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A sales and purchase agreement (SPA) is possibly the most important document that needs careful studying before proceeding with a property transaction. Ashraf Sayed, Senior Associate at Hadef & Partners, offers essential guidance on how to draft an SPA that may afford maximum legal protection before you buy a property either off-plan from a developer or a finished house from a previous owner.
Amendments to SPA
An SPA is fundamental to protect the rights and interests of the contracting parties in a property transaction. Without it, a party may not be able to enforce any rights, interests or obligations agreed with the other party, including any protection of monies, recourse in respect of a default in selling or purchasing property and/ or compensation.
The Dubai Land Department (DLD) has a standardised SPA which the parties sign at the time of transfer; however, we believe such SPA needs to be adapted to reflect any additional or special terms. Further, such standardised SPA does not protect the parties in the pre-transfer phase. Accordingly, we recommend that parties sign a definitive SPA at the time of agreeing to the sale. Such definitive SPA should clearly identify the commercial terms agreed between parties, the obligations of the parties until and at transfer and the remedies in the event of breach. The details of a mortgage (and mechanism to discharge) should also be identified.
A buyer should always take extra precaution when purchasing an off-plan property. There are many risks associated with it like delays and the failure of the developer to deliver. If a purchase is made from a developer, the buyer should carefully look into the following points: the SPA issued by the developer should consider the rights and interests of both parties; the progress of construction on site and anticipated completion; developer’s track record; confirmation from RERA that the project is registered and active, the developer is registered and an escrow account is established; the description and location of the property in the SPA match with what one is purchasing; a disclosure notice issued according to the Jointly Owned Property Law.
Historically, many developers refused to amend their standard SPA. This remains the case for some of the larger developers. As the property market has matured and as various new projects have been announced, developers are accommodating purchaser requests far more than previously, including amendments to the developer’s standard SPA to ensure the terms are balanced between parties. Useful clauses may include:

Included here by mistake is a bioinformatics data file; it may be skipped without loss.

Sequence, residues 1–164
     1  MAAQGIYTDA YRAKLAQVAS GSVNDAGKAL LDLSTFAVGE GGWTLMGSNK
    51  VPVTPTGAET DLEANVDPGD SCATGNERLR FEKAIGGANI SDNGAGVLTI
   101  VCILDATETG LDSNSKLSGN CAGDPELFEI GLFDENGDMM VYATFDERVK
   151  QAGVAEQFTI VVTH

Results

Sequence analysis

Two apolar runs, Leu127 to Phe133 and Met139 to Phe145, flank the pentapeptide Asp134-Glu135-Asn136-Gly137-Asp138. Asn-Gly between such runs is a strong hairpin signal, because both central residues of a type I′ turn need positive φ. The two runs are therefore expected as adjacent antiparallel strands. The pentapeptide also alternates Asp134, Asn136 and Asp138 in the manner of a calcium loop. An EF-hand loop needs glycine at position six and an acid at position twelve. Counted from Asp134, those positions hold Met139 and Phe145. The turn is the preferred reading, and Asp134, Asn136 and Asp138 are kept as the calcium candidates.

1) restricting the definition of an event of force majeure, a concept that potentially frees parties from liabilities in case of extraordinary circumstances beyond their control. Usually, this is a force of nature such as an earthquake; however, we have seen the definition extend to matters such as delays from authorities, labour disputes and others.
2) the buyer’s rights to suspend payments in the event of delays
3) remedies (the right of termination or compensation) for the buyer where there is a default (including delays) by the developer
4) restricting the right of the developer to vary the unit details including area, location and specifications
5) warranties from the developer that it is in compliance with all relevant authority requirements.
In case of a transaction between a new buyer and original purchaser, the SPA should clearly identify the commercial terms agreed between parties.Useful clauses may include:
1) obligations of the parties pre-transfer, at transfer and post-transfer (if any)
2) remedies for the buyer where there is a default by the seller
3) accurately recording property details including area, location and specifications
4) warranties from the seller that it is in compliance with rules and evidence of approvals from relevant authorities especially where alterations have been made
5) any ongoing obligations in favour of the developer
6) escrow mechanism where a third party may hold on to deposits and security cheques
7) details of any property “block” at the DLD
• Buyers must consider the following documents before entering into any SPA: site inspection, title deed, original SPA, lease agreement, property vacating letter, seller’s passport copy, service charge and financial statement, details of fit-outs, fixtures and fittings included in the price, mortgage registered against the title, availability of financing, details of alterations made by the seller, community rules, owners association
Following the signing of the SPA, the buyer can make enquiries at DLD on any charges, encumbrances registered against the property
Source: S. Dhar, Special to Freehold